The quantity obtained by multiplying the distance between two magnetic poles by the average strength of the poles.

Related Terms


Neutralization of the strength of the magnetic field of a vessel, using electric coils permanently installed in the vessel.


The strength of a magnetic field. Also called MAGNETIC FORCE.


  1. A lessening in amount, particularly the reduction of the amplitude of a wave with distance from the origin. 2. The decrease in the strength of a radar wave resulting from absorption, scattering, and reflection by the medium through which it passes (wave guide, atmosphere) and by obstructions in its path. Also attenuation of the wave may be the result of artificial means, such as the inclusion of an attenuator in the circuitry or by placing an absorbing device in the path of the wave.


The strength of the vertical component of the earth’s magnetic field.


The strength of a magnetic field. Also called MAGNETIC INTENSITY.


A material used to prevent, dissolve, or facilitate removal of oxides and other undesirable surface substances. Also, the measure of the quantity of magnetism, taking into account the strength and extent of the magnetic field.

Functions Of Fluxes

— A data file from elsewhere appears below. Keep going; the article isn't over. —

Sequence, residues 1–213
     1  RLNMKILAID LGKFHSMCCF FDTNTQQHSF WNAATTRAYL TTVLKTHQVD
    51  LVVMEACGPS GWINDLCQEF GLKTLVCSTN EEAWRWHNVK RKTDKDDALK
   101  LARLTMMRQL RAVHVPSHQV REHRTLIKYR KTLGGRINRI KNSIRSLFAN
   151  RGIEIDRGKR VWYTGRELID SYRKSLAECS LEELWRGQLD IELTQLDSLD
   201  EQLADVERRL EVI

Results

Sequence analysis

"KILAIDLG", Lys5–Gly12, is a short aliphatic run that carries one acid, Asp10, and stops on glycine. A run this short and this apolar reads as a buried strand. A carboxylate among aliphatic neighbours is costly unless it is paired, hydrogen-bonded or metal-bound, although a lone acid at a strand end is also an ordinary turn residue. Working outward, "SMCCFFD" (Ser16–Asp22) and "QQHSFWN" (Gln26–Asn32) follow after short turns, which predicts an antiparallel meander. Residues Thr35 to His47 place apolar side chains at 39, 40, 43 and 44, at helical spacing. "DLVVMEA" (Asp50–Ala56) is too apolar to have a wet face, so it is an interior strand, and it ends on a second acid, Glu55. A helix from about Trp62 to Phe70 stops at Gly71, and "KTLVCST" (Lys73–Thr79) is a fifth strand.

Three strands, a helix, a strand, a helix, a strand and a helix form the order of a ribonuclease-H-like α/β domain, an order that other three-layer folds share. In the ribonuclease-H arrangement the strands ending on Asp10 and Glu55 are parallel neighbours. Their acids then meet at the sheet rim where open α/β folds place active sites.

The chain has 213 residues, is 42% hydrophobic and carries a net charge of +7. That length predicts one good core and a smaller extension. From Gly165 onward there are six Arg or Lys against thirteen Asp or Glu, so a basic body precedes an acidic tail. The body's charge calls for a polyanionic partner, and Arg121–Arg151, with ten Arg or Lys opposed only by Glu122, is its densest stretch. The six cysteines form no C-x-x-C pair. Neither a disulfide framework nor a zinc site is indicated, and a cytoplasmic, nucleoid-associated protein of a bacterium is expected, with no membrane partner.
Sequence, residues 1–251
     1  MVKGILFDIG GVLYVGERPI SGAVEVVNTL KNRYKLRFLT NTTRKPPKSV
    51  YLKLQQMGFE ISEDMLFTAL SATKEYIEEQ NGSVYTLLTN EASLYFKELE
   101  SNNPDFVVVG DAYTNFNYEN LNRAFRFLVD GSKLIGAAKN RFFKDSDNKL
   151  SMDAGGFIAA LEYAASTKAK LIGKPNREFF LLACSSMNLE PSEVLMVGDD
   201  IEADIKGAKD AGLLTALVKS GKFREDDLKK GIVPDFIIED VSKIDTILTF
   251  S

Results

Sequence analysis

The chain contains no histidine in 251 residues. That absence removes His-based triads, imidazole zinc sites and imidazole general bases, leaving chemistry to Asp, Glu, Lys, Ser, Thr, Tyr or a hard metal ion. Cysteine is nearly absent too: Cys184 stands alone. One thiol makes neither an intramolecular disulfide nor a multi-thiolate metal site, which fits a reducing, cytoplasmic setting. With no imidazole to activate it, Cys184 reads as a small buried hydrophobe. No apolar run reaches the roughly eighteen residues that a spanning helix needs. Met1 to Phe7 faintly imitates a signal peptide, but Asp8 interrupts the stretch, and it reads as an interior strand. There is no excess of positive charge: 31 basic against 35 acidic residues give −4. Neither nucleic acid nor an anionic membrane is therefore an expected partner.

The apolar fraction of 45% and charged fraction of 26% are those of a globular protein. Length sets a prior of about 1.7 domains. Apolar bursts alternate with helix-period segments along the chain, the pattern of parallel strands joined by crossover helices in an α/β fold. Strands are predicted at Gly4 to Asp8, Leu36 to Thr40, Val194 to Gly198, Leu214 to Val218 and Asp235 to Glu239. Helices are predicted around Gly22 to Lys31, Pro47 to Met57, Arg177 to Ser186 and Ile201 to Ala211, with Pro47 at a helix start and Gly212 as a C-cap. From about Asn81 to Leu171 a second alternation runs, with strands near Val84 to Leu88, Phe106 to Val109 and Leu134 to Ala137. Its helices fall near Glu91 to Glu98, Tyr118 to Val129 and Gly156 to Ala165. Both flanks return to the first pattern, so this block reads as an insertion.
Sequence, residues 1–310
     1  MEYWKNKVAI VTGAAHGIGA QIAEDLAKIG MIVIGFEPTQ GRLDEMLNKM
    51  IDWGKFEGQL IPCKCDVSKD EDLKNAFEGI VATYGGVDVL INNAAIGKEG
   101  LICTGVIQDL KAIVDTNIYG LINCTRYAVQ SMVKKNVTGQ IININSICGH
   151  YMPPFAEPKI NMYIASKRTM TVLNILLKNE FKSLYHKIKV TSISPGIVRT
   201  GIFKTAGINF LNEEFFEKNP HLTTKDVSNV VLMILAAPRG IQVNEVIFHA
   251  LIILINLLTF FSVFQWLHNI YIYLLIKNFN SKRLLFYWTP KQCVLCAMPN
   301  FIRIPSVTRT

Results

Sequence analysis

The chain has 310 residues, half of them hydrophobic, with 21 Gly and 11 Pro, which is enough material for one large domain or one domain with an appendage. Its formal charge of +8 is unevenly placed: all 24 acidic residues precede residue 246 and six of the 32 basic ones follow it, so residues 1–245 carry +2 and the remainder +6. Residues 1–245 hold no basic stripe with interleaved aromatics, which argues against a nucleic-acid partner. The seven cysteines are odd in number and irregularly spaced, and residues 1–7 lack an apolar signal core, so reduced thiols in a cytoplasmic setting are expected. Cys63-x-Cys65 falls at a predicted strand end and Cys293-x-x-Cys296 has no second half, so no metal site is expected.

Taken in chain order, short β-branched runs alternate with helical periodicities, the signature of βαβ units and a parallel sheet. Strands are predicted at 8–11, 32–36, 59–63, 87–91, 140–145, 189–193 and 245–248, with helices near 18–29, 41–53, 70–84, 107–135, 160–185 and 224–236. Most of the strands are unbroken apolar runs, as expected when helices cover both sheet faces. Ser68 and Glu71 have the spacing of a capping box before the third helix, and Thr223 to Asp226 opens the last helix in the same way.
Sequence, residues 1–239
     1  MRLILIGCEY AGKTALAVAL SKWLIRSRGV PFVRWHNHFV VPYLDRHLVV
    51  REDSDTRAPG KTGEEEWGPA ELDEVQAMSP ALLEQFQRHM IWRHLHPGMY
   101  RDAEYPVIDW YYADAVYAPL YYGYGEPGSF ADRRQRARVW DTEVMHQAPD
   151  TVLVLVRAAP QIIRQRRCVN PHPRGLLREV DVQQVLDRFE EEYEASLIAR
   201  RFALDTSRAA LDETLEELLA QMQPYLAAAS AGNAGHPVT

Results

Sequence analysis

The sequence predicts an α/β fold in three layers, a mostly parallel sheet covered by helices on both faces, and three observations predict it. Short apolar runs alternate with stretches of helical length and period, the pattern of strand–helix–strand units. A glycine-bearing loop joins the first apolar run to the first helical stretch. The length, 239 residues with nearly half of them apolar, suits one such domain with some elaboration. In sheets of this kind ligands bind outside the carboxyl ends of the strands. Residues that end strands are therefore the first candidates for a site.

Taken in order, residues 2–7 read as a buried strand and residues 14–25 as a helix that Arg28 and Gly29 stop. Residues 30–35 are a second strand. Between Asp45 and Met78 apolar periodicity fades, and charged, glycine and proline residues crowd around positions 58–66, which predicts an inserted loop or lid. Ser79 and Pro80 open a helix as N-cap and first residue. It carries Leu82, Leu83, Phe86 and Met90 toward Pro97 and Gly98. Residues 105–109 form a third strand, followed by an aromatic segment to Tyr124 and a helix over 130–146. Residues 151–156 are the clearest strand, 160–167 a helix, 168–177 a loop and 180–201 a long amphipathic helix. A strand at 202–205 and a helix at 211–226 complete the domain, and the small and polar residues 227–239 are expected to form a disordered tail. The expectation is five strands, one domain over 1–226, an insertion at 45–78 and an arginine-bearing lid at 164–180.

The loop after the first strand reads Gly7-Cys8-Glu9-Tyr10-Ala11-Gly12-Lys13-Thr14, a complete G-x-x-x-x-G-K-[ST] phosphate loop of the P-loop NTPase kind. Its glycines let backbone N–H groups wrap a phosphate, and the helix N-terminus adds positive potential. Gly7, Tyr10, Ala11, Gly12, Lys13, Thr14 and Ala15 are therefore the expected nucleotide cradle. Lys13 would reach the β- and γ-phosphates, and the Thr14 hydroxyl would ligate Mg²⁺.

Continuity of grain structure across a soldered or welded joint can only be obtained if the metals are brought into atomic contact, and this is not possible if the metals are coated with oxide layers, grease, corrosion products or other surface films. Mechanical cleaning can only remove the bulk of such surface films, some form of chemical cleaning being necessary to complete the cleaning operation. Fluxes perform some or all of the following functions:

They chemically clean the surfaces to be joined,

They prevent the formation of new oxide layers during the heating cycle of the joining process,

They assist the filler metal to run freely into the joint, and

They assist the "wetting" process by which surfaces alloying occurs.


A device which employs a current-carrying conductor of special shape to determine the strength of a magnetic field.


The derived unit of magnetic field strength in the International System of Units


A centimeter-gramsecond system of electric and magnetic units in which the unit of charge is that charge which exerts a force of 1 dyne on another unit charge when separated from it by a distance of 1 centimeter in vacuum; other units are derived from this definition by assigning unit coefficients in equations relating electric and magnetic quantities. Abbreviated esu.


The ratio of the strength of the magnetic field at a compass to the strength if there were no disturbing material nearby; usually expressed as a decimal. Because of the metal of a vessel, the strength of the earth’s magnetic field is reduced somewhat at a compass location aboard ship. The shielding factor is one minus the percentage of reduction.

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